The American Journal of Medicine (AJM) took to social media yesterday to alert readers to fake news about a hoax research study. A website called WITscience.org – which appears to post spoof articles under the name of the "Wyoming Institute of Technology (WIT)" – recently posted a piece stating that AJM will be publishing an article by WIT's "Dr. Franklin Forrester" on the link between Asperger Syndrome and murder.
We felt the need to quickly clarify that this story was false, since the journal's editorial office had been contacted about the fake research by news media and Asperger's supporters, and the hoax article has been quoted on the Internet as factual. No such article was ever submitted to the journal, and as far we know, the blog post is meant to be a spoof. To get the word out, AJM posted a story on the journal's blog, tweeted the blog post, and alerted the journal's Facebook fans.
"This is a complete hoax and fraudulent," said AJM Editor-in-Chief Dr. Joseph S. Alpert. "In the first place, this topic has nothing to do with internal medicine, and we would never publish something on this topic."
[pullquote align="right"]"This is a complete hoax and fraudulent." — Joseph Alpert, MD, Editor-in-Chief, American Journal of Medicine[/pullquote]
He agreed that using social media would be the best way to get the word out quickly to readers, the media and the general public.
Of course, information spreads quickly on the internet, regardless of its veracity.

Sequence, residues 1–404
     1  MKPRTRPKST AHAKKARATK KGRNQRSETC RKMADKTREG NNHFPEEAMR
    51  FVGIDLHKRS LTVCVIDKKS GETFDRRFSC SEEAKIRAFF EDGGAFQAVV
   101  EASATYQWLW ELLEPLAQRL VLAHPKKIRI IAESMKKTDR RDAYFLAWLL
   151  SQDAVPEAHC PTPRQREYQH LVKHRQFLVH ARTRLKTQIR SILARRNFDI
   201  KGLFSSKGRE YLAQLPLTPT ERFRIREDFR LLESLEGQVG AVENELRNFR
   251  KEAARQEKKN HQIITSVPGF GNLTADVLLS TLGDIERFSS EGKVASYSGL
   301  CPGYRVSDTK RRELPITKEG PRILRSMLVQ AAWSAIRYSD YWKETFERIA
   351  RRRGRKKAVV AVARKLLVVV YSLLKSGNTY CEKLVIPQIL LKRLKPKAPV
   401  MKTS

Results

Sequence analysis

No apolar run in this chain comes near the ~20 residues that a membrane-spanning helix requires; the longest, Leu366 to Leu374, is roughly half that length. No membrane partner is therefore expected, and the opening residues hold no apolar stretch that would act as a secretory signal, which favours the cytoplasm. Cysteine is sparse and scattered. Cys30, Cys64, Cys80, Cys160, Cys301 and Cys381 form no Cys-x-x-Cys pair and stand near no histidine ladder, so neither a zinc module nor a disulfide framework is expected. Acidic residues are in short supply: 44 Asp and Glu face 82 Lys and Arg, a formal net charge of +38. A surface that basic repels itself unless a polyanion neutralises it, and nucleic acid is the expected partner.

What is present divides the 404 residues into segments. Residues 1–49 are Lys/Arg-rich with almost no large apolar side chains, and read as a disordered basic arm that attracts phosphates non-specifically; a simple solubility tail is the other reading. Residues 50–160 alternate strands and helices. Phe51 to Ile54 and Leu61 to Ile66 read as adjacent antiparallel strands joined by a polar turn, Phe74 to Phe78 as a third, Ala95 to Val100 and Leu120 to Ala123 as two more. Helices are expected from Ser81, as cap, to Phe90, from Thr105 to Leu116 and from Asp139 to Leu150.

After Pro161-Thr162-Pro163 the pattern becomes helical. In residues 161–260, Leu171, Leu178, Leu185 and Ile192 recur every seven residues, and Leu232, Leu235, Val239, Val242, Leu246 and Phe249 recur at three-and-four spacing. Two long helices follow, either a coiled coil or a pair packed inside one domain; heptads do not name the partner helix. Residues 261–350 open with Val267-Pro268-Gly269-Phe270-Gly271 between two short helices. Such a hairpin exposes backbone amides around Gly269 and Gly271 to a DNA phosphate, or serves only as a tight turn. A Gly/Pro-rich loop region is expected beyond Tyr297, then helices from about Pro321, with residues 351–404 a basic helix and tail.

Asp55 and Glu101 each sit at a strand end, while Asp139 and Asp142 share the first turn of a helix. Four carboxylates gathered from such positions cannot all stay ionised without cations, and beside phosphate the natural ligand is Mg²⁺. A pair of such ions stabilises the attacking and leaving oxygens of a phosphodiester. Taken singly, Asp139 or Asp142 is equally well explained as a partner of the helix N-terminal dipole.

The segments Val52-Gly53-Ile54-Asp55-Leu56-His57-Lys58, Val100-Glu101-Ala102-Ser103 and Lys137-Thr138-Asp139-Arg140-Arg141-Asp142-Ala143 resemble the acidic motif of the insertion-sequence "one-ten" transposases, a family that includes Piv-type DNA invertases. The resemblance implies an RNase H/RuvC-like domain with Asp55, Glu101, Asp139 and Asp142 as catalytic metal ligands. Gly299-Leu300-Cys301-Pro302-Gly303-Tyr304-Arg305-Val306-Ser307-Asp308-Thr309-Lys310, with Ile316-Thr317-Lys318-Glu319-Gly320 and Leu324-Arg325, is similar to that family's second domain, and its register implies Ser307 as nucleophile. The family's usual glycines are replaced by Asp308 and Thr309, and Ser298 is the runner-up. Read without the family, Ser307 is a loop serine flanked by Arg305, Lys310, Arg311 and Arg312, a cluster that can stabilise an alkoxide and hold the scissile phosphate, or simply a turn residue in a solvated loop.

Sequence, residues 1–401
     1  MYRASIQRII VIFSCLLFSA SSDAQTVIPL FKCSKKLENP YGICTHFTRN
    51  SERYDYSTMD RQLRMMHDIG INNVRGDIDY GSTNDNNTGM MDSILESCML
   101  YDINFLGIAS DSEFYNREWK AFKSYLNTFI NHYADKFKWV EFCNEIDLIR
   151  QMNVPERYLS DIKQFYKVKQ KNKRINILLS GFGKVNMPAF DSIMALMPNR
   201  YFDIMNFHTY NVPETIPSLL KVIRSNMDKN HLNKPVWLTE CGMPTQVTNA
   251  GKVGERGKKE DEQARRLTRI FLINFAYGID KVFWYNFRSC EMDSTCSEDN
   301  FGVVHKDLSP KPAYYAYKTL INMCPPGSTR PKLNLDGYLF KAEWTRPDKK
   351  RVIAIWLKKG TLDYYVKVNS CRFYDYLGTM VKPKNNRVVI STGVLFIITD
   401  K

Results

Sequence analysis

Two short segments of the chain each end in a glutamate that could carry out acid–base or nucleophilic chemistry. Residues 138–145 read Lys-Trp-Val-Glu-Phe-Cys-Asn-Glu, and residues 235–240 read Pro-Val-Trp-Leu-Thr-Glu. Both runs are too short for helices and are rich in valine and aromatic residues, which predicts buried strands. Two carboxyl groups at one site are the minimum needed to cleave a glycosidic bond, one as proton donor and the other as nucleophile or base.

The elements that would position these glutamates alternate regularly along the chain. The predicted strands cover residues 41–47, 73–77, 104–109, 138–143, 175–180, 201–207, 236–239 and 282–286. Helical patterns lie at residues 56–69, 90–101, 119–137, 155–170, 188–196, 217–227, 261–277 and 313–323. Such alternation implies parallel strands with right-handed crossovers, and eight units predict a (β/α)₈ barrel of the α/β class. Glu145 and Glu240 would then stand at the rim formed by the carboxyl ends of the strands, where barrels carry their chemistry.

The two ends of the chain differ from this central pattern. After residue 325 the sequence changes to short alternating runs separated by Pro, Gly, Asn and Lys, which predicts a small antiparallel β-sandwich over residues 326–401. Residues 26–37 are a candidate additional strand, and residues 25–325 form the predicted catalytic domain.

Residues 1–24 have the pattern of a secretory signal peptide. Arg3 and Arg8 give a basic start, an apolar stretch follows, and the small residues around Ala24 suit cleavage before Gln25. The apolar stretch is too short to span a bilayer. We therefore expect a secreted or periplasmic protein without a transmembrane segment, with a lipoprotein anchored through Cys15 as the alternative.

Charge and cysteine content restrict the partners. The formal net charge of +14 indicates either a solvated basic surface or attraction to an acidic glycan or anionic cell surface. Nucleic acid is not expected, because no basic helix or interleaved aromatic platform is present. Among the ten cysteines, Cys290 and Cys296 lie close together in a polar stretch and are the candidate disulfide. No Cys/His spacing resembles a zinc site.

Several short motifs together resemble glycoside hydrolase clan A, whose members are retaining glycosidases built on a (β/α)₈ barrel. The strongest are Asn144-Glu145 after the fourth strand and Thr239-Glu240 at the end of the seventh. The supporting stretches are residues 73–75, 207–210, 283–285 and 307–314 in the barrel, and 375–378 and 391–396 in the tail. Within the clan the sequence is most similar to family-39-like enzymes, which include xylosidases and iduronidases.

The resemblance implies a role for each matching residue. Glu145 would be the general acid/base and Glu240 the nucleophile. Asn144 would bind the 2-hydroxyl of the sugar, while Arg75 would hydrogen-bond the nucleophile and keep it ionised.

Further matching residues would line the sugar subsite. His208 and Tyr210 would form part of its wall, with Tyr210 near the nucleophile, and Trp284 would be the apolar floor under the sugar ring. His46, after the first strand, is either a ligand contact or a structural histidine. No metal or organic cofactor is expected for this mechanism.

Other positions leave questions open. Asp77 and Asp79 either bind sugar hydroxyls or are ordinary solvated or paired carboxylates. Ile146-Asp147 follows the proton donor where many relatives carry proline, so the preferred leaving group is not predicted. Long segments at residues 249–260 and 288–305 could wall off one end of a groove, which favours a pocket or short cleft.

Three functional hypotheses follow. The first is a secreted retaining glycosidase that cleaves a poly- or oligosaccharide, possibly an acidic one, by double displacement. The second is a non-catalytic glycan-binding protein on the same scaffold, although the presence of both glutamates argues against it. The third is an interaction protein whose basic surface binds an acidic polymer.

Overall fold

After the media reported that Newtown mass shooter Adam Lanza had Asperger Syndrome, speculation led to many to conclude that there was a link between Asperger's and violence. That association has since been questioned by members of the science and medical community.
For example, an article in WebMD states:
Reports that Newtown shooter Adam Lanza had Asperger Syndrome, a highly functioning form of autism, have led some to wonder whether that diagnosis could have played a role in the mass shooting, which killed 20 children and six adults at a Connecticut elementary school last week.
As with many cases such as this, the answer is complex. While experts are clear that Asperger's doesn't make a person more likely to commit a violent crime, some say it may affect the way a crime is carried out. …
The American Journal of Medicine
The American Journal of Medicine — "The Green Journal" — is the official publication of the Alliance for Academic Internal Medicine. It publishes original clinical research of interest to physicians in internal medicine, both in academia and community-based practice. Each issue carries reviews as well as seminal articles of immediate interest to the practicing physician, including peer-reviewed, original scientific studies that have direct clinical significance, and position papers on health care issues, medical education, and public policy. Read more on the journal's website.
Elsevier Connect Contributor
Pamela Powers Hannley, MPH, is Managing Editor of The American Journal of Medicine and writes for the AJM blog (@amjmed). Before joining AJM in 2004, she was associated with the University of Arizona (UA) College of Medicine and the UA College of Public Health. At the UA, she directed the Arizona Smokers' Helpline and Internet services. Her academic focus was the effects of media and communication on health-seeking behaviors, particularly smoking cessation and sun safety. She taught health at UA and Pima Community College.
Hannley is an avid blogger and writer with more than 35 years of experience in written, visual, and electronic communication. She has authored popular press, academic articles and self-help publications and has received 15 awards in communication or photography during her career. She holds a master's degree in public health from UA and a bachelor's degree in journalism from The Ohio State University. She is an Amherst, Ohio, native but resides in Tucson, Arizona.